Option 1 only is applicable to site no. 2 and 12, with a possible impact on site no. 25 due to the movement of vehicles during the development.

The town of Putsonderwater (site number 26) needs to be preserved at all costs. It definitely seems that there will be a secondary impact and perhaps even a direct impact if the mine wants to utilize some of the buildings. A comprehensive phase II heritage study is therefore needed, leading to a phase III management plan for the town. This document can then be used as guide for any possible changes needed to any of the buildings and other structures in the town.

Sites number 27 and 28 are rock engraving sites. For now these should just be left as it is as there will be no impact on these.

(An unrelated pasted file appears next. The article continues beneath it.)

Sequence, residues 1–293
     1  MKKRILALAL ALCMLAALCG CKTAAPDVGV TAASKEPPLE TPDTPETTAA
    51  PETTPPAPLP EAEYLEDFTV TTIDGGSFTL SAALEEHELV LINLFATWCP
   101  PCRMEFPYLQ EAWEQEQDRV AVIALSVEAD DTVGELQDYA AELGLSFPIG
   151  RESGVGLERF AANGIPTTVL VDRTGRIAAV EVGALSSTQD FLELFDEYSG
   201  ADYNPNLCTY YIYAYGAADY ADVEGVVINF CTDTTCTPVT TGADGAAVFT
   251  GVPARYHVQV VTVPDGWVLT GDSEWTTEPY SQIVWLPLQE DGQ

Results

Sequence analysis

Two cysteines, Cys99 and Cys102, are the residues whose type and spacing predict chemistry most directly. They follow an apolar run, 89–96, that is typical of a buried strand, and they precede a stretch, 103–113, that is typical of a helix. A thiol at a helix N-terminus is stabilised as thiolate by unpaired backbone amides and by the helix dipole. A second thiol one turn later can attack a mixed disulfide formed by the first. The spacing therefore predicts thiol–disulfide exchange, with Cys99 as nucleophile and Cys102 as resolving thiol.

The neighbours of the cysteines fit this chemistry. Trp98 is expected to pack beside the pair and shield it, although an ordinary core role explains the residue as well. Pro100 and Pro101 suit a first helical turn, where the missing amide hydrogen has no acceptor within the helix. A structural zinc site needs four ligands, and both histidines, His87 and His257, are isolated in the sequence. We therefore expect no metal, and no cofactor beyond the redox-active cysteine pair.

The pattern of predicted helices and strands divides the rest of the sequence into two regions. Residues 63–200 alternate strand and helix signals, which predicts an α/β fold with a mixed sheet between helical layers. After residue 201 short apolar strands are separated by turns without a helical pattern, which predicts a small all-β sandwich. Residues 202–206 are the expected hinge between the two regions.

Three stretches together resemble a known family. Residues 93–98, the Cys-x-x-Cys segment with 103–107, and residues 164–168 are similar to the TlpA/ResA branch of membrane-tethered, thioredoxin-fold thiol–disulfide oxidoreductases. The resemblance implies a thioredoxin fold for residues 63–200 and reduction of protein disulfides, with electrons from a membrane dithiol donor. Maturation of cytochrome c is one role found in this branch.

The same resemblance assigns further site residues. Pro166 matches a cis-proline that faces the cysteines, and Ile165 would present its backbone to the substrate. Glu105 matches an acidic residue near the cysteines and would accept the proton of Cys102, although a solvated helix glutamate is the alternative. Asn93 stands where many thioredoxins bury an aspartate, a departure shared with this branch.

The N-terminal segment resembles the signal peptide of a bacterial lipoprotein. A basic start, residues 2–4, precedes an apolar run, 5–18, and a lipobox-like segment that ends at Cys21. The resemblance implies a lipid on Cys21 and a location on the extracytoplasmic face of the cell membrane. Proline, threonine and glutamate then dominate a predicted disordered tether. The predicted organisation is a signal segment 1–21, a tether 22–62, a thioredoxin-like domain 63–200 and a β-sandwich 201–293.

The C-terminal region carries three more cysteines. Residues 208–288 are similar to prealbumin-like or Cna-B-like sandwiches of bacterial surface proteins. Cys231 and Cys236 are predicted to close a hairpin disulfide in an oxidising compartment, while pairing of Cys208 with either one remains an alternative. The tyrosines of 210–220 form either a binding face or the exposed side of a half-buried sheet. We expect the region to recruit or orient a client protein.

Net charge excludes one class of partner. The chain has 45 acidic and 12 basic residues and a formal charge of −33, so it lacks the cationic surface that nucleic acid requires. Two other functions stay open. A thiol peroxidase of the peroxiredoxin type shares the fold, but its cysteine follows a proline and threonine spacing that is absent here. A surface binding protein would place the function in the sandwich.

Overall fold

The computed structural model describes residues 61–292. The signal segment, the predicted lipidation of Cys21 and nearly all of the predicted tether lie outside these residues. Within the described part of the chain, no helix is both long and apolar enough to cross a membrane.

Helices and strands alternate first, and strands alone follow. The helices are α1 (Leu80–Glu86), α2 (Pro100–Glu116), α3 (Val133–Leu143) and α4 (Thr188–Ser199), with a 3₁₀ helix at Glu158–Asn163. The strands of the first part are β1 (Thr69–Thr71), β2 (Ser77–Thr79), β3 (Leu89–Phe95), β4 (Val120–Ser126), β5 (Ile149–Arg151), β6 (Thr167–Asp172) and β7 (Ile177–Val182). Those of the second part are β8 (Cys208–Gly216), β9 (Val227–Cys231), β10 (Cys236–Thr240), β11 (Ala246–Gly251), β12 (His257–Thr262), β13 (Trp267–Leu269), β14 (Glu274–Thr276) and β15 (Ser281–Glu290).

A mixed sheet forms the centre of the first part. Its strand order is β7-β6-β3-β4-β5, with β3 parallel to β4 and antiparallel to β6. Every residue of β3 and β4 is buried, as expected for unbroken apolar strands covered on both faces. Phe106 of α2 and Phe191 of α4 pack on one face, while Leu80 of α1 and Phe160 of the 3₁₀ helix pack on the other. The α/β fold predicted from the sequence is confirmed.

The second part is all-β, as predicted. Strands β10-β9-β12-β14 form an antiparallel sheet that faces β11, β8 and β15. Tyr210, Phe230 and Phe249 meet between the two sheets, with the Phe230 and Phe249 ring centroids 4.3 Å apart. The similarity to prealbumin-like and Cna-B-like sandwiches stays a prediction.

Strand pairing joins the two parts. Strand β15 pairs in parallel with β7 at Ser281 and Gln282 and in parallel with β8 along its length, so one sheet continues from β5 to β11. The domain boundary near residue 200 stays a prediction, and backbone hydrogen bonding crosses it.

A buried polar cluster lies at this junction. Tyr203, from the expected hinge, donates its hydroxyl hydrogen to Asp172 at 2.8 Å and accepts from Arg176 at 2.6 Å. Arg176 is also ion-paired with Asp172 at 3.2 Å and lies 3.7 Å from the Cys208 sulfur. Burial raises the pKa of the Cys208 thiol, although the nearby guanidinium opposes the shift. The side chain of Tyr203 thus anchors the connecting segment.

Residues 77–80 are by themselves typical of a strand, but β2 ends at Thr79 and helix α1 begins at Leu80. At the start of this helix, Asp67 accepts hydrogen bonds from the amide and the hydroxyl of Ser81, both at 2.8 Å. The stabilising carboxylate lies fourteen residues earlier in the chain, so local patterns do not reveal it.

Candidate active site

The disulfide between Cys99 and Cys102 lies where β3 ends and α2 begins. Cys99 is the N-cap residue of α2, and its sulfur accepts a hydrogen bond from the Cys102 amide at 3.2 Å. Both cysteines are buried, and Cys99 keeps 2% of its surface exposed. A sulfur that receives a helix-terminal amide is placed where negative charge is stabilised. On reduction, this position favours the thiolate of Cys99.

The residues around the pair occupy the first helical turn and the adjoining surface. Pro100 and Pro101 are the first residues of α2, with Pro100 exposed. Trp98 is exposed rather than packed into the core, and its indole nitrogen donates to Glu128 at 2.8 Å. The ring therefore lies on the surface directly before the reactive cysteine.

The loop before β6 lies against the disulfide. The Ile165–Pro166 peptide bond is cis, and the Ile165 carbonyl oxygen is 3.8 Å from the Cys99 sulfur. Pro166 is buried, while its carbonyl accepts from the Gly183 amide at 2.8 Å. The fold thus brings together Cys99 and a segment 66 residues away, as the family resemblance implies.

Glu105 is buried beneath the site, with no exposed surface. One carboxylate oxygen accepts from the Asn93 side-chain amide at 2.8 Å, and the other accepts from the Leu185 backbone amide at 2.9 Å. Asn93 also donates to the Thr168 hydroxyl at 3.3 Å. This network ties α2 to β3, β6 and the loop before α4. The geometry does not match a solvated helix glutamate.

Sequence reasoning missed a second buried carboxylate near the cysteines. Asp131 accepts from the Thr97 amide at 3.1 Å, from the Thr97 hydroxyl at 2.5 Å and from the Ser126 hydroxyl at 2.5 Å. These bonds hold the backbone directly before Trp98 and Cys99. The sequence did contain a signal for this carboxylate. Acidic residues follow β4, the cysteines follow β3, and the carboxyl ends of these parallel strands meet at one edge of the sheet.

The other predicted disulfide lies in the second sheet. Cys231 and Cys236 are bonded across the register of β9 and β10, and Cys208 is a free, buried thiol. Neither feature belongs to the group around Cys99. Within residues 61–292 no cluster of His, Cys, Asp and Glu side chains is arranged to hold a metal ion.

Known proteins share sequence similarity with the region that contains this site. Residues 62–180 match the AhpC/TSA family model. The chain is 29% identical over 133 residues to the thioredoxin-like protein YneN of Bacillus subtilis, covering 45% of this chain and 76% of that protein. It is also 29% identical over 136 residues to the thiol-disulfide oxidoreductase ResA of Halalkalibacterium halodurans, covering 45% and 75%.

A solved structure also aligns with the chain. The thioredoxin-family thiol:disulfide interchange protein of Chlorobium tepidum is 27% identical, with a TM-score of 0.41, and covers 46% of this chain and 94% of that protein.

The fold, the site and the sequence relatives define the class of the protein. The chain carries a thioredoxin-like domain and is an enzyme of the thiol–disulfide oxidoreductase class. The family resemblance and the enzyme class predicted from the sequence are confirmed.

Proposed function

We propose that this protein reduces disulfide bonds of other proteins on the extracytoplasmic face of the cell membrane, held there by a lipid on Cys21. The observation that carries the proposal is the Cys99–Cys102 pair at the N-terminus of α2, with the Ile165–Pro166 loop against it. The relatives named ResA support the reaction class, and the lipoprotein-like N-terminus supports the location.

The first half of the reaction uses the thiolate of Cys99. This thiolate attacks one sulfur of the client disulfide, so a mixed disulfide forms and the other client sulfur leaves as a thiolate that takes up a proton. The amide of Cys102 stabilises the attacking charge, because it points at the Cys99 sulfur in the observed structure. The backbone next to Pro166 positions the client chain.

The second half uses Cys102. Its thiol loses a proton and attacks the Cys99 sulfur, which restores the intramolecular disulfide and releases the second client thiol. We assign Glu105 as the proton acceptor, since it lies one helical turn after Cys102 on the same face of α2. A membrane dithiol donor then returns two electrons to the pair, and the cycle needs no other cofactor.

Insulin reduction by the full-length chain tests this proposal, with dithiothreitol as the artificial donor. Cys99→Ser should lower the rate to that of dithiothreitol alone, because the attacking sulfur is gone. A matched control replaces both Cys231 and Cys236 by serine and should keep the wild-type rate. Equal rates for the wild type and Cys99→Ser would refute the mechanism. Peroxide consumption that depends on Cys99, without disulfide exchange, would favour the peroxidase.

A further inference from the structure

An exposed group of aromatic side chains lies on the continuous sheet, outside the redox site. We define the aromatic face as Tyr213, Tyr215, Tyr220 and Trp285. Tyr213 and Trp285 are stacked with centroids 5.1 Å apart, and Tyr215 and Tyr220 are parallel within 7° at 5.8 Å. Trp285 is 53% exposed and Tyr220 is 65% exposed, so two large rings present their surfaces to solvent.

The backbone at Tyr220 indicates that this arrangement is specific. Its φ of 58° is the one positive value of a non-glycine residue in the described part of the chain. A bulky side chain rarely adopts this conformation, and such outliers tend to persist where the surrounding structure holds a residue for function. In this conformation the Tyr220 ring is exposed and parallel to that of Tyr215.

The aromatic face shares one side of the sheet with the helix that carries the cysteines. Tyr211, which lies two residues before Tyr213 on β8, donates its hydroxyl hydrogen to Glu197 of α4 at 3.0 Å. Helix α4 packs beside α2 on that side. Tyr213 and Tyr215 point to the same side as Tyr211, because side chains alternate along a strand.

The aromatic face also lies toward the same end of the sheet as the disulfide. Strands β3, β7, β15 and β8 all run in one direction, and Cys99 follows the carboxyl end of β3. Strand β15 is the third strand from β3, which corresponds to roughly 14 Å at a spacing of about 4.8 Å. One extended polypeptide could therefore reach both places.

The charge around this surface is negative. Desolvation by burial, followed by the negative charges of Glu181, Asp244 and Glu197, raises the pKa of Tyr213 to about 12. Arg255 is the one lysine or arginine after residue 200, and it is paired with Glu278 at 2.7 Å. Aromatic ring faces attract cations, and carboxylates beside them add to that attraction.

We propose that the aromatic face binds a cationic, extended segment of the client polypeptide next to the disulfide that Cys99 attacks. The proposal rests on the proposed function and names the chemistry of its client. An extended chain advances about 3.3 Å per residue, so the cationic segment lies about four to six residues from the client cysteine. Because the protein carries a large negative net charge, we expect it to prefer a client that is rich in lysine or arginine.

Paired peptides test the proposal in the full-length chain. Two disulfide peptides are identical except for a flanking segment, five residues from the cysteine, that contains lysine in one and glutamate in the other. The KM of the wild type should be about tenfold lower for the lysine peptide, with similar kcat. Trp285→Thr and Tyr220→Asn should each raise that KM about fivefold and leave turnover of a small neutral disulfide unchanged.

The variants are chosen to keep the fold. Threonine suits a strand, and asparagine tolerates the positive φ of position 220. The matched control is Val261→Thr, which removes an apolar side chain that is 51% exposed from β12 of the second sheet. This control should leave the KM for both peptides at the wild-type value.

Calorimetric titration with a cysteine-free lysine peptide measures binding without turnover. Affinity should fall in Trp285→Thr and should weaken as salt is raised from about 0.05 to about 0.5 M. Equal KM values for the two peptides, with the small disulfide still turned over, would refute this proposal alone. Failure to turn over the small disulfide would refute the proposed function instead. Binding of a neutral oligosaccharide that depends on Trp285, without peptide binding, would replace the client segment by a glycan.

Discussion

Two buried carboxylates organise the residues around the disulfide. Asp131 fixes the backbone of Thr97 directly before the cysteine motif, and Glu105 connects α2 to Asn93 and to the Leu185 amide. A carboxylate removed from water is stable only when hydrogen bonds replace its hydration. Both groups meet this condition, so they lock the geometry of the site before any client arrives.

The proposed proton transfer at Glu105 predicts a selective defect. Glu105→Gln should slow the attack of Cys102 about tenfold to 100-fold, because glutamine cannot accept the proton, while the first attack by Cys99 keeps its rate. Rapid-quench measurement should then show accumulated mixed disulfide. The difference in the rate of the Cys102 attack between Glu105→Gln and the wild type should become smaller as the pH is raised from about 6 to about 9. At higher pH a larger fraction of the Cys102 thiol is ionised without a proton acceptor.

All the heritage management plans indicated will have to be approved by SAHRA or the specific heritage office dealing with the matter at hand. SAHRA has specific guidelines for management plans and these will have to be followed.

After implementation of the recommended mitigatory measures, the project may continue. It should be noted however that the subterranean presence of archaeological and/or historical sites, features or artifacts is always a distinct possibility. Care should therefore be taken when the development commences that if any of these are discovered, a qualified archaeologist be called in to investigate.

Report by

Dr. A.C. van Vollenhoven (L.AKAD.SA.)